SACRAMENTO, Calif. — The U.S. Geological Survey has released updated flood frequency estimates for select rural "natural flow" California streams throughout the state. The estimates are based on greatly expanded data and documented in three reports available online. These reports from the USGS and its partners represent an important resource for emergency officials, water managers and civil engineers.
The first report, prepared in cooperation with the Federal Emergency Management Agency, the U.S. Army Corps of Engineers, and the U.S. Forest Service, provides a new regional equation to help characterize peak flows throughout California by using historical and recent flood data with updated statistical methodologies to calculate flood magnitude and frequency. This regional equation, based on data from 158 streamgages through 2005, takes into account elevation and the complex interaction of rain, snow and flood hydrology of California mountains on the frequency and magnitude of large floods. Using this new regional equation, the report also provides updated flood estimates for streams monitored by USGS streamgages primarily in the Sacramento-San Joaquin River basin.
Building on the regional equation established in the aforementioned report, the second report develops new statewide prediction equations for determining the magnitude and frequency of annual instantaneous peak flows using data from 769 streamgages throughout California. The report provides estimates of the annual exceedance probability flood flows – the probability of a certain size flood being equaled or exceeded in a given year – at these 769 locations. Together, these two reports replace previous prediction equations that were last updated more than 30 years ago. This new analysis may be used by the public and private sectors for everything from water management to insurance estimations.
"Pacific storms can deliver rainfall to California at rates that rival hurricanes of the Gulf coast, creating the potential for both human and high-dollar disasters across the California landscape," said USGS Director Marcia McNutt. "Furthermore, modifications that are made to drainage systems in the process of land development and from natural events can modify flood potential. Based on updated information and improved methods, these new flood-frequency estimates will help Californians reduce or avoid losses to life and property."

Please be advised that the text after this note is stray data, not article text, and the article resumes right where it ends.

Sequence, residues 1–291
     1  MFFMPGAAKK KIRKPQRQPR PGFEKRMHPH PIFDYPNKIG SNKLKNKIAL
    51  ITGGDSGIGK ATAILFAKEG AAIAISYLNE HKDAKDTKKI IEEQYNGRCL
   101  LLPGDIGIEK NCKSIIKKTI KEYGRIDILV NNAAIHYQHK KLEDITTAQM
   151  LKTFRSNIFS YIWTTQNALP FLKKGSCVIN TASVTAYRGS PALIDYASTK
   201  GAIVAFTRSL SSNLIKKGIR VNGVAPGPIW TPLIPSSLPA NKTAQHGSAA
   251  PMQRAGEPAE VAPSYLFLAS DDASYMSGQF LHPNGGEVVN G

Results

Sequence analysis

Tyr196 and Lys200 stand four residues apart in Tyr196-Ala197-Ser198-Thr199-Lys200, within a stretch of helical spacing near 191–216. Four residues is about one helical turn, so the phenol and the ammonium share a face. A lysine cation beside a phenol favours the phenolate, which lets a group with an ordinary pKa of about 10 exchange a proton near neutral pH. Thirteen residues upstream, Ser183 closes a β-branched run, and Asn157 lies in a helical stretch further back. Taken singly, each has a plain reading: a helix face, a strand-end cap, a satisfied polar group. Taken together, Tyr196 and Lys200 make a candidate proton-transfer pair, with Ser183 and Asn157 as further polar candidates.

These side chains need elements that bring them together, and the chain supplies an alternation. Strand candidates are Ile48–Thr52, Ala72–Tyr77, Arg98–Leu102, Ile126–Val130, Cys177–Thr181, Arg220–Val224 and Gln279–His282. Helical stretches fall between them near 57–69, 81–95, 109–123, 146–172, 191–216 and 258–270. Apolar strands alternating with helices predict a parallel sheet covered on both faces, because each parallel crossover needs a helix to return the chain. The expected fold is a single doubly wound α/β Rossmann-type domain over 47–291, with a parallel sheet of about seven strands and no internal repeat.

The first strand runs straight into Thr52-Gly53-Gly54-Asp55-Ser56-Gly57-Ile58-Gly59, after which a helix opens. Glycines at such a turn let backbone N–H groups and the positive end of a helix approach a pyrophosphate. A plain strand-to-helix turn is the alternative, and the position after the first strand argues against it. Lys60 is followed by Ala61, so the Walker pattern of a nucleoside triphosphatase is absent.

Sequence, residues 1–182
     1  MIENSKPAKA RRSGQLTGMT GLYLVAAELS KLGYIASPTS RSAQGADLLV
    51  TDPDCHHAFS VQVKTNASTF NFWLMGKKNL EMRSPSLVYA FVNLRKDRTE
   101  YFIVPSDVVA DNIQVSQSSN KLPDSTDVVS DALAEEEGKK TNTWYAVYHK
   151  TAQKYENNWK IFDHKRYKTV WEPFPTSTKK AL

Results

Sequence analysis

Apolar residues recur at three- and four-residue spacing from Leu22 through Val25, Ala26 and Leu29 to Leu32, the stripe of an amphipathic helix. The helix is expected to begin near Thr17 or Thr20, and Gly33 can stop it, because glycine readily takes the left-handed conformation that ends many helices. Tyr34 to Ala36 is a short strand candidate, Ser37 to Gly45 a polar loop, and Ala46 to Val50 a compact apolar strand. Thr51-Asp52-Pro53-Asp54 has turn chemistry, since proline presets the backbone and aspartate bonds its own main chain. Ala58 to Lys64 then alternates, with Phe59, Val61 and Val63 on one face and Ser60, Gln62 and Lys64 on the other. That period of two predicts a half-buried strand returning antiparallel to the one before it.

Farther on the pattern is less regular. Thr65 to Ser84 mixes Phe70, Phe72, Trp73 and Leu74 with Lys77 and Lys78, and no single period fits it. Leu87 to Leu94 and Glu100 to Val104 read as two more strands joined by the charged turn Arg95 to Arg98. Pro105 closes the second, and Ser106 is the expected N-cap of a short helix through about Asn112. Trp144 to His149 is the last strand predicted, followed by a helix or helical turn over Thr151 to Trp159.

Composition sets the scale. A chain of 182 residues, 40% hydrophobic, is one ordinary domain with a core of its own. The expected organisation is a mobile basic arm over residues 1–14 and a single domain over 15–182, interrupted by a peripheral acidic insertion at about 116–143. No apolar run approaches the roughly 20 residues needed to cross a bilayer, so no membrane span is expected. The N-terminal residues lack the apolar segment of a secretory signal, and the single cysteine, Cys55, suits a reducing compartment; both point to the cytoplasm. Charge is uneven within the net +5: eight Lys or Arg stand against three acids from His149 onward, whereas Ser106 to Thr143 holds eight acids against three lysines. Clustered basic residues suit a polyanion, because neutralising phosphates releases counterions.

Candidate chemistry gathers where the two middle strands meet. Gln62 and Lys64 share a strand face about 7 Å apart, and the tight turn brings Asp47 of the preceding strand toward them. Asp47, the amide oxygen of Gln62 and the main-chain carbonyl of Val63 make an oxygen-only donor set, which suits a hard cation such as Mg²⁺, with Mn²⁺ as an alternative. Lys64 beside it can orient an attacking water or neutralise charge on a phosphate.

The third report, prepared in cooperation with the U.S. Army Corps of Engineers, focuses on sustained flood flow (flood duration), which is needed to assess the adequacy of reservoirs, levees and other flood-control structures. Using data through 2008, the report examines annual maximum floods for 1-day, 3-day, 7-day, 15-day and 30-day durations at 50 dams and streamgages throughout the Sacramento-San Joaquin River basin and adjacent regions. Applying updated statistical methodologies to these data, the report provides new regional equations to help characterize flood-duration flows.
"At FEMA, we are constantly working to increase the level of recognition of all hazards, including flooding, by communicating the steps that the whole community can take to prevent or mitigate those threats," said FEMA Region IX Administrator Nancy Ward. "The scientists at USGS and USACE are to be commended for helping to inform California’s communities of the flood hazards they face."
USGS operates more than 8,400 streamgages needed by federal, state and local agencies and the private sector to design and operate water-supply, wastewater treatment, hydropower, and irrigation infrastructure, and conducts studies to extend the utility of these data and related purposes.